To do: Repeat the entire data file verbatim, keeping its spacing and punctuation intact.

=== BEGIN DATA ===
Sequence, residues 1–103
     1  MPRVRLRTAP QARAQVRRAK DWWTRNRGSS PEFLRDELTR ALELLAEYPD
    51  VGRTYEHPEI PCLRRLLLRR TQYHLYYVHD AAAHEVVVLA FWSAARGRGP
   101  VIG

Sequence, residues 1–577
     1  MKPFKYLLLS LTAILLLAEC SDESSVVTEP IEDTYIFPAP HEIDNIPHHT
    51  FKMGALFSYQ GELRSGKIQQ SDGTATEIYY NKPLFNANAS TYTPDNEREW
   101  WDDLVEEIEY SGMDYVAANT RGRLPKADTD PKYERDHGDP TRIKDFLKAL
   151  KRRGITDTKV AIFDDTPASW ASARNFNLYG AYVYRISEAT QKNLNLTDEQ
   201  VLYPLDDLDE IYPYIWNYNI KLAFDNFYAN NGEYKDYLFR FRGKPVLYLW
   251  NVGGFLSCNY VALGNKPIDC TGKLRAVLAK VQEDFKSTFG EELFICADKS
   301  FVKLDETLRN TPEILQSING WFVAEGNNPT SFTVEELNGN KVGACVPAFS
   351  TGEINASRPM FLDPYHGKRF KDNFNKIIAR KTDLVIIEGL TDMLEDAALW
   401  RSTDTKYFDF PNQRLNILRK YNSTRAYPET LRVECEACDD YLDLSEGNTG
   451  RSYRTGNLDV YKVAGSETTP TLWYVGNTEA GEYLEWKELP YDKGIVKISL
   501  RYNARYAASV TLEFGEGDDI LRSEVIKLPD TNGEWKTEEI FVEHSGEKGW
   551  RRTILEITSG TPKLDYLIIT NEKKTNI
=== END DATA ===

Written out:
Sequence, residues 1–103
     1  MPRVRLRTAP QARAQVRRAK DWWTRNRGSS PEFLRDELTR ALELLAEYPD
    51  VGRTYEHPEI PCLRRLLLRR TQYHLYYVHD AAAHEVVVLA FWSAARGRGP
   101  VIG

Sequence, residues 1–577
     1  MKPFKYLLLS LTAILLLAEC SDESSVVTEP IEDTYIFPAP HEIDNIPHHT
    51  FKMGALFSYQ GELRSGKIQQ SDGTATEIYY NKPLFNANAS TYTPDNEREW
   101  WDDLVEEIEY SGMDYVAANT RGRLPKADTD PKYERDHGDP TRIKDFLKAL
   151  KRRGITDTKV AIFDDTPASW ASARNFNLYG AYVYRISEAT QKNLNLTDEQ
   201  VLYPLDDLDE IYPYIWNYNI KLAFDNFYAN NGEYKDYLFR FRGKPVLYLW
   251  NVGGFLSCNY VALGNKPIDC TGKLRAVLAK VQEDFKSTFG EELFICADKS
   301  FVKLDETLRN TPEILQSING WFVAEGNNPT SFTVEELNGN KVGACVPAFS
   351  TGEINASRPM FLDPYHGKRF KDNFNKIIAR KTDLVIIEGL TDMLEDAALW
   401  RSTDTKYFDF PNQRLNILRK YNSTRAYPET LRVECEACDD YLDLSEGNTG
   451  RSYRTGNLDV YKVAGSETTP TLWYVGNTEA GEYLEWKELP YDKGIVKISL
   501  RYNARYAASV TLEFGEGDDI LRSEVIKLPD TNGEWKTEEI FVEHSGEKGW
   551  RRTILEITSG TPKLDYLIIT NEKKTNI